That was a tough 572 full-time days and only the inspiration of the stories kept me going.

For the names that are like magic words who can play 3 more shows after the show is over. What did he put in that guitar?

Sam Weber, Great Hall , Toronto

Melissa Payne and Trish Robb 
4am, Peterborough home

 That must have been  something, she had a lot of joy…and it keeps us waiting for the next show.

Sarah Burton, The Press Club, Toronto 

Melissa Payne (fiddle) at Pig's Ear (Peterborough) and Horseshoe Tavern (Toronto)
Trish Robb arms waving (2x)

You are home, I see it every night.

The many great moments. The people who make me turn to bigger chapters. 

For the East Village woman who made magic happen every Tuesday for many years in a basement theater.  For the voice who stopped a room and held great potlucks. For the man who brought me to Bruce Springsteen. You're not Going Down...For the woman who sung about going up the Elevator.  

And I still follow you Piano Player as you stretch your wings around the world.  For the one with the vibe, to see where the magic can go. 

For the woman who disappeared, leaving loved ones behind. We still search for you. 

For the Irish woman who wrote 3250 miles and the family that shows courage to be who you are. For the one who called everyday when everyday counted. For the Facetimer, who saw more, just to get it right.  For the ones who helped the harvest. And to the woman who lined up with me. You are dear.  Happy New Year.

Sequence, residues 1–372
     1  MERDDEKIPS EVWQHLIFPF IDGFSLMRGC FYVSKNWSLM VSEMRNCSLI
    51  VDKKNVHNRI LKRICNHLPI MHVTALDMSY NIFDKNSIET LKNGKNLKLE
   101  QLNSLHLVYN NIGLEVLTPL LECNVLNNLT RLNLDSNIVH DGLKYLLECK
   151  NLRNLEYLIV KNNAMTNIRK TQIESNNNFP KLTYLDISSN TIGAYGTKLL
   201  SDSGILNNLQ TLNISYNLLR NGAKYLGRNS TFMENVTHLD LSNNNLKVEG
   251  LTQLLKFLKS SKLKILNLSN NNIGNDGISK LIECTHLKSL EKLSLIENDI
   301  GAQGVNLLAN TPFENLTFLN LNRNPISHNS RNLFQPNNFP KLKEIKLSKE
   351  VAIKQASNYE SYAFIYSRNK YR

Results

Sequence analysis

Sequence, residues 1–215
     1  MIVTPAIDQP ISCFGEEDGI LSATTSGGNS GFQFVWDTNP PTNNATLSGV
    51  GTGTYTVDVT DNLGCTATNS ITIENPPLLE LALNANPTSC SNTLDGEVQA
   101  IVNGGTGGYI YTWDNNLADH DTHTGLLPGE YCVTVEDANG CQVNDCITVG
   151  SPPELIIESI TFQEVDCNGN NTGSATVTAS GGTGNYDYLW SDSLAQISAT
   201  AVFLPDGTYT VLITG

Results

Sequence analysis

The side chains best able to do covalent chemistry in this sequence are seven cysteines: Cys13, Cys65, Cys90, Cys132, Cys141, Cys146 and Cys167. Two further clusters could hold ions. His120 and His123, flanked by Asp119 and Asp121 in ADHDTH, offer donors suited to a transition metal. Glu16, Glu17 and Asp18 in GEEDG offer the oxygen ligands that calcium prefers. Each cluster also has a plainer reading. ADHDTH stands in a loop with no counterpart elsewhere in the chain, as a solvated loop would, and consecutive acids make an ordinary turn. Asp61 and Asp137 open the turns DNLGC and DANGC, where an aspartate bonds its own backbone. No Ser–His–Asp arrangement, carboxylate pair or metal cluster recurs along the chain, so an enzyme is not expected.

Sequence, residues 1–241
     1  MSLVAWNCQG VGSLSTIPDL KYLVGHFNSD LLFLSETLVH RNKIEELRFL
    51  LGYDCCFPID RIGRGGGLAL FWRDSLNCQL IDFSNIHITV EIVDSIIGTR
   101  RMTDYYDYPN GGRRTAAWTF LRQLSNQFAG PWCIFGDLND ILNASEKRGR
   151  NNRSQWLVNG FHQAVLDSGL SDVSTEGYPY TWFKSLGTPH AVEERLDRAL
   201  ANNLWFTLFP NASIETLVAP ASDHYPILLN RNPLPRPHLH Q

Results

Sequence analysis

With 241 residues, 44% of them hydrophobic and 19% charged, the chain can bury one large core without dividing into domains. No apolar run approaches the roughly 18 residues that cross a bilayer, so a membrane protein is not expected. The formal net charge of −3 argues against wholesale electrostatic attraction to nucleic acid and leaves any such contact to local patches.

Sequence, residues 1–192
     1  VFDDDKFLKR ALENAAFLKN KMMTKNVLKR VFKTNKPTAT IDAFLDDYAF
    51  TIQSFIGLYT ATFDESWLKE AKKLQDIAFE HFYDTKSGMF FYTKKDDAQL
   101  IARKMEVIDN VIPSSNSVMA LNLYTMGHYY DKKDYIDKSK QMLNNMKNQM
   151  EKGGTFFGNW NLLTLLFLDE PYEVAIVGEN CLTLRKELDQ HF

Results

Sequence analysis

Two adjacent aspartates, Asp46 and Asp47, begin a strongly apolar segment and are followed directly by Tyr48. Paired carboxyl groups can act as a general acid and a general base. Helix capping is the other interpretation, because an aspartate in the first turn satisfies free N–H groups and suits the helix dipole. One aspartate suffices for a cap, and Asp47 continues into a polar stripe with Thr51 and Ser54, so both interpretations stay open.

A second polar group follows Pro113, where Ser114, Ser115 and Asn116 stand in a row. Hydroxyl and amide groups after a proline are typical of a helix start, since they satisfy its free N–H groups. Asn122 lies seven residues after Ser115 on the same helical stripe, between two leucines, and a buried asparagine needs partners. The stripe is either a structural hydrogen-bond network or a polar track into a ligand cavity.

Anna Ruddick (bass) with Joshua Cockerill and Greg Cockerill 
Dakota Tavern, Toronto 

Melissa Payne 
Horseshoe Tavern, Toronto 

This speech was inspired by people and photos auto-picked by Facebook's “See Your 2012 Year in Review.” There was an original status report with names that came with these lines. I added a few more, and I'm sure I could add more. And thanks K and D for understandin'. There's bigger in the world. 

Saturday, December 8, 2012

I Howl

Who were “yo-yo-ed” around by people who didn't really know
But got paid to tell you

Who were taught  to believe as if you’d go along
Like it was an accepted medicine

Whose bad ideas achieved no goals
A placebo for you in the meantime

Who was diagnosed with TB for six months